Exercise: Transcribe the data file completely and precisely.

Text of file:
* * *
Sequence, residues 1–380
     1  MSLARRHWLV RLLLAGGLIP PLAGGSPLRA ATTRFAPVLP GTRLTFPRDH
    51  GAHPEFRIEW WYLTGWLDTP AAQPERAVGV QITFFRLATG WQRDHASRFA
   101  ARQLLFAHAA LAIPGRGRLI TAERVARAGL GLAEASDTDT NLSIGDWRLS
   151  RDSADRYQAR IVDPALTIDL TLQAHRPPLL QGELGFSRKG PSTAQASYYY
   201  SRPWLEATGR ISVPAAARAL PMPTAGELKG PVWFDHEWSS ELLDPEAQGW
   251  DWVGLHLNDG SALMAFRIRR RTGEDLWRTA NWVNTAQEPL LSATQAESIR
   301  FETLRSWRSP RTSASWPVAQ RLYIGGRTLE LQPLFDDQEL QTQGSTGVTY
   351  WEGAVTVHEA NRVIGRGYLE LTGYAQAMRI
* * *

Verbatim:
Sequence, residues 1–380
     1  MSLARRHWLV RLLLAGGLIP PLAGGSPLRA ATTRFAPVLP GTRLTFPRDH
    51  GAHPEFRIEW WYLTGWLDTP AAQPERAVGV QITFFRLATG WQRDHASRFA
   101  ARQLLFAHAA LAIPGRGRLI TAERVARAGL GLAEASDTDT NLSIGDWRLS
   151  RDSADRYQAR IVDPALTIDL TLQAHRPPLL QGELGFSRKG PSTAQASYYY
   201  SRPWLEATGR ISVPAAARAL PMPTAGELKG PVWFDHEWSS ELLDPEAQGW
   251  DWVGLHLNDG SALMAFRIRR RTGEDLWRTA NWVNTAQEPL LSATQAESIR
   301  FETLRSWRSP RTSASWPVAQ RLYIGGRTLE LQPLFDDQEL QTQGSTGVTY
   351  WEGAVTVHEA NRVIGRGYLE LTGYAQAMRI